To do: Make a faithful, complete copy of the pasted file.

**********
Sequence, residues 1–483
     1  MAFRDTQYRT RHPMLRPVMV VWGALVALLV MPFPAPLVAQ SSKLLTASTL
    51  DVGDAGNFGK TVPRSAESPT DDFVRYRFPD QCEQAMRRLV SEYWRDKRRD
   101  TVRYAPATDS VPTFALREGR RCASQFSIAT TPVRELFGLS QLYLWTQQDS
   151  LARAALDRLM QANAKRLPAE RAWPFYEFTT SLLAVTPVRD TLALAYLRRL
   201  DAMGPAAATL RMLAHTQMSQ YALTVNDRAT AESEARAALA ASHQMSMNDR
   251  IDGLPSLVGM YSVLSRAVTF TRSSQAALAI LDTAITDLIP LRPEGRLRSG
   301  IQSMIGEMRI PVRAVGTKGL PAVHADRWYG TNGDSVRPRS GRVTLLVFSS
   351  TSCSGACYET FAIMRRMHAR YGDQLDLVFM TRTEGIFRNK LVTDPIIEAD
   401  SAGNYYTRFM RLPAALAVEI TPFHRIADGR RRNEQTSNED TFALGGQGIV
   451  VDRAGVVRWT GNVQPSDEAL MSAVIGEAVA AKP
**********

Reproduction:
Sequence, residues 1–483
     1  MAFRDTQYRT RHPMLRPVMV VWGALVALLV MPFPAPLVAQ SSKLLTASTL
    51  DVGDAGNFGK TVPRSAESPT DDFVRYRFPD QCEQAMRRLV SEYWRDKRRD
   101  TVRYAPATDS VPTFALREGR RCASQFSIAT TPVRELFGLS QLYLWTQQDS
   151  LARAALDRLM QANAKRLPAE RAWPFYEFTT SLLAVTPVRD TLALAYLRRL
   201  DAMGPAAATL RMLAHTQMSQ YALTVNDRAT AESEARAALA ASHQMSMNDR
   251  IDGLPSLVGM YSVLSRAVTF TRSSQAALAI LDTAITDLIP LRPEGRLRSG
   301  IQSMIGEMRI PVRAVGTKGL PAVHADRWYG TNGDSVRPRS GRVTLLVFSS
   351  TSCSGACYET FAIMRRMHAR YGDQLDLVFM TRTEGIFRNK LVTDPIIEAD
   401  SAGNYYTRFM RLPAALAVEI TPFHRIADGR RRNEQTSNED TFALGGQGIV
   451  VDRAGVVRWT GNVQPSDEAL MSAVIGEAVA AKP